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Remembered Today:

5th Lincolnshires by Sandall


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I have just missed a copy of the 5th Lincolnshires' history and wonder whether anyone has a copy out there? I am looking for anything relating to May-July 2nd 1916 but, most particularly, the last week of June and 1/2 July 1916.

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I think that Dan1 also has a copy.

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I have a copy which I'm digitizing. I'll be putting it on the web when I'm finished as it's out of copyright (Sandall died in 1930). I can send you scans if you want.

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He doesn't have much to say about April 1918, covering it in less than 2 pages (pp. 158-9):

While in support, two Companies were in dug-outs

in the reserve line, and two Companies with Battalion

Headquarters at Sailly-la-Bourse. On the 21st [March] the

Battalion was ordered to stand to during the night

owing to an expected attack, but this did not

materialise on this portion of the front, although the

next few days were spent under a considerable degree

of strain, and active preparations to meet an attack

were made. On March 24th we were withdrawn

into Divisional Reserve at Beuvry, marching to

Maroc on the 27th, where we billeted for the night,

and next day relieved the 44th Canadian Infantry

in the Hill 70 right sector. A very quiet tour

passed, and we were relieved on April 1st, moving

to the Village line in support. After one day's rest

we returned to the trenches relieving the 1/4th

Leicestershire Regiment in the Hill 70 left sector,

which we held to the 12th; no special incident

occurred and our only casualties were due to gas

with which the enemy favoured us at intervals. On

April 12th we were relieved by the 1st Canadian

M. R. and proceeded into Army Reserve at Bracquemont.

Training in open warfare took place daily, the

weather being dull and cold. On the 18th, when

the enemy attacked at Givenchy, the Battalion

was placed on one hour's notice to move, but were

not called upon. About April 21st a virulent

epidemic of influenza attacked the Battalion, and

the whole Division, and for the next few days the

number of sick removed to hospital was very large,

from 20 to 40 daily, which reduced our fighting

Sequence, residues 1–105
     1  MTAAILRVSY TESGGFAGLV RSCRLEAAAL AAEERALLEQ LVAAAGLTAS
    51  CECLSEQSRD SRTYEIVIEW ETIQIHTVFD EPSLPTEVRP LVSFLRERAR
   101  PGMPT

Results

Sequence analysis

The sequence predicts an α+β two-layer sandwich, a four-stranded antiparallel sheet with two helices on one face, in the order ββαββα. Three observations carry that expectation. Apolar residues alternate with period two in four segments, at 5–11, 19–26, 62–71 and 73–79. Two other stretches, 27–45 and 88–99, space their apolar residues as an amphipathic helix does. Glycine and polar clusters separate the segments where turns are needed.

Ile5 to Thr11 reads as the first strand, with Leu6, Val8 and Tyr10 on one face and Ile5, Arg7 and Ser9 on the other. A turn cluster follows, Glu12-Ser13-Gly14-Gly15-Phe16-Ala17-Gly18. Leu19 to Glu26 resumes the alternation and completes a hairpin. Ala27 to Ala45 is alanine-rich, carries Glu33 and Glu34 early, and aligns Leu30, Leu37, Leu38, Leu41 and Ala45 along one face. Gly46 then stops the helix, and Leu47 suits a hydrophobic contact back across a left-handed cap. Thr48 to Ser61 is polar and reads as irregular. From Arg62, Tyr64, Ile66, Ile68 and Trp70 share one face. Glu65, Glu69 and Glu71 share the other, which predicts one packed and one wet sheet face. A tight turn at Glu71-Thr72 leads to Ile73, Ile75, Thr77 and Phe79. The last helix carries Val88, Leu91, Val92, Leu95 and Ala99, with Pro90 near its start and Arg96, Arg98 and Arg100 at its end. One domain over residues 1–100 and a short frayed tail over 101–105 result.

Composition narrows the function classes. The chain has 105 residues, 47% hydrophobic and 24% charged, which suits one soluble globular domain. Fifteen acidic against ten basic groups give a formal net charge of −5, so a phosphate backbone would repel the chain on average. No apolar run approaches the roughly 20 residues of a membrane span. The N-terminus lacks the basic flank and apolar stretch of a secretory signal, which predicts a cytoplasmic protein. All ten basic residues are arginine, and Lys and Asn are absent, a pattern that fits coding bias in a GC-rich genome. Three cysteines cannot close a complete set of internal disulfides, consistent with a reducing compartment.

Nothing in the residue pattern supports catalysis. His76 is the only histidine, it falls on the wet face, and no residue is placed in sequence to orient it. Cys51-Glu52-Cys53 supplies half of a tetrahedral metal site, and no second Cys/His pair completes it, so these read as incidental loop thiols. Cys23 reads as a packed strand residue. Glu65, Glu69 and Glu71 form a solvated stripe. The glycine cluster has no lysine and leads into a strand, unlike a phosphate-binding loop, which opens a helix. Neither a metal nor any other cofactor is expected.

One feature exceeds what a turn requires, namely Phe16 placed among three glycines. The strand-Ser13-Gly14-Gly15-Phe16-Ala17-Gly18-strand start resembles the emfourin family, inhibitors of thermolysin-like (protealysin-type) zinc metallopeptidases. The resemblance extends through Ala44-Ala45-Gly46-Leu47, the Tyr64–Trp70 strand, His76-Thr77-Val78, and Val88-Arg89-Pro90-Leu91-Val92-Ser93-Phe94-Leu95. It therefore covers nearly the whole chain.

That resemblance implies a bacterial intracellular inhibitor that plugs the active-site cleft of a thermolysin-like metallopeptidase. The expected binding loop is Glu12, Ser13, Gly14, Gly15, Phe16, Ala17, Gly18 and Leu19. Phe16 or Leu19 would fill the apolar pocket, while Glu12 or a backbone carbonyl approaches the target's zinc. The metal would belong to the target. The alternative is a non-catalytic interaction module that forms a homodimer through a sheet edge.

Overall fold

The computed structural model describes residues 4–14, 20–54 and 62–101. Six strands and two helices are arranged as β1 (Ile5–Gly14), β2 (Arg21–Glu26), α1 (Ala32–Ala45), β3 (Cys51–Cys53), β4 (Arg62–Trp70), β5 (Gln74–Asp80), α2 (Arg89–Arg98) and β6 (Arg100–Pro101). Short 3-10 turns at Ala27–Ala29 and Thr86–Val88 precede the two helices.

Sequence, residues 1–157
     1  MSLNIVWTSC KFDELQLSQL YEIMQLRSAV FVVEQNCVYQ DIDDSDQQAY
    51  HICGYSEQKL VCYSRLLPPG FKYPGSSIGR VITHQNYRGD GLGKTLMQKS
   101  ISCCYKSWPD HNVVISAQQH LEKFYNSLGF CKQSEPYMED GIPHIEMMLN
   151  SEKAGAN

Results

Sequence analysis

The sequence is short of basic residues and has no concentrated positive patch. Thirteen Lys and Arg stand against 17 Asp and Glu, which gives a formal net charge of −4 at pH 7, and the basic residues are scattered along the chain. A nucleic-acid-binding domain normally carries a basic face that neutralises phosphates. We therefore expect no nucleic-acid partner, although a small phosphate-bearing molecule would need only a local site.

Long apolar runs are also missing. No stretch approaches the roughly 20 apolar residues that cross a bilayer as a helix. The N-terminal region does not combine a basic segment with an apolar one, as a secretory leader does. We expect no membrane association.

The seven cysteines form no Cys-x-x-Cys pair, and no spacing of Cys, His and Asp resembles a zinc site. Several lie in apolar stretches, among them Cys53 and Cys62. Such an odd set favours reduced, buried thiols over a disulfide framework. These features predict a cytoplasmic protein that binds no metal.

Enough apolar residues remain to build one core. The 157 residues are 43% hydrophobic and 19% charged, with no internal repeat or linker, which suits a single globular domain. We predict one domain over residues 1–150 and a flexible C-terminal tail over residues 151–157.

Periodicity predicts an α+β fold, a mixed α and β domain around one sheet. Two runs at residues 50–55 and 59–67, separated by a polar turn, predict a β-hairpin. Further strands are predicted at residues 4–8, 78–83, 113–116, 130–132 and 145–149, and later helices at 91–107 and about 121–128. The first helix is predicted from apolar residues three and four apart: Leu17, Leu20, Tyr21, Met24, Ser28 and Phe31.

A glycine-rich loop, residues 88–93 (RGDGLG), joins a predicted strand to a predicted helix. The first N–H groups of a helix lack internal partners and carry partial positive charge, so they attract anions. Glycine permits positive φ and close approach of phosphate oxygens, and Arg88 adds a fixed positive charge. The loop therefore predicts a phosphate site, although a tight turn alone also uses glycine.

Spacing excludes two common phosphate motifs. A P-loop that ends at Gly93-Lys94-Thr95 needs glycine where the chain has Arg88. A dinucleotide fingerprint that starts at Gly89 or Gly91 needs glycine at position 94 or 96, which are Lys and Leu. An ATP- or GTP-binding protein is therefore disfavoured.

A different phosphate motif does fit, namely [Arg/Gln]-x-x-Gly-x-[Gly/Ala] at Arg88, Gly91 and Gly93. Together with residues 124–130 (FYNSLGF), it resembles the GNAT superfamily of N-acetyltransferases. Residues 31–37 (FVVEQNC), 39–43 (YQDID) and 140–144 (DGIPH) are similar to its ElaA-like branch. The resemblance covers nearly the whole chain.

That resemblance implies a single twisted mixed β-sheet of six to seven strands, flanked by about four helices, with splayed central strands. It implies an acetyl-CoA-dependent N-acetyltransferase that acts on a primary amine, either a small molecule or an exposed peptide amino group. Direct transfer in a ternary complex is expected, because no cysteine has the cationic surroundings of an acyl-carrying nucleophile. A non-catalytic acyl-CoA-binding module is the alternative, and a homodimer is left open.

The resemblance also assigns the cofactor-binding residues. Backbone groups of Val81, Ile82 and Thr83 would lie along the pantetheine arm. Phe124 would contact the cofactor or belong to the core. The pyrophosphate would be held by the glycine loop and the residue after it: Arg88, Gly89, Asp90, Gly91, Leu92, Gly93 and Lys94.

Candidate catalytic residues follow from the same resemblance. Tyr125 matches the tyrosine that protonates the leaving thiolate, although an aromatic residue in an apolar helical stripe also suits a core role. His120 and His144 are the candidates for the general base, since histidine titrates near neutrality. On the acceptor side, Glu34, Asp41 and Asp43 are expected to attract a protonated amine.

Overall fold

strength to such low numbers, that the efficiency

of the Battalion was very seriously impaired. The

whole Division suffered in the same way, and its numbers for a long period were terribly below establishment.

On April 24th the Battalion marched to Bruay,

and the next day to Verquin, the Brigade being

in Divisional Reserve. On the evening of April

28th we returned to the front line, relieving the

1/6th Sherwood Foresters in a line from Les Facons

to the swing bridge S. W. of Le Casan, C and D

Companies being in the front line, with A in support

and B in reserve. The relief was completed under

heavy shelling and we were lucky to sustain only

three casualties. The general conditions in this

Sector approached open warfare, as although the

trenches were fairly continuous they were narrow

and shallow, and no movement was possible by day.

Early next morning a German of the 12th Reserve

Division wandered into our lines, having lost his

way. The enemy were inactive, and we sustained

no casualties, and were relieved on May 2nd by the

1/4th Leicestershire Regiment, going into support

with two Companies at Le Hamel, one at La Motte

Farm and one in the Newcastle line, the two forward

Companies coming under the command of the O. C.

1/5th Leicestershires. The usual working parties

were supplied until May 6th, when we were relieved

by the 1/6th North Staffordshire Regiment, and

moved to billets in Verquin, the Brigade coming into

Divisional Reserve.

If you'd like scans of the pages PM me your e-mail address.

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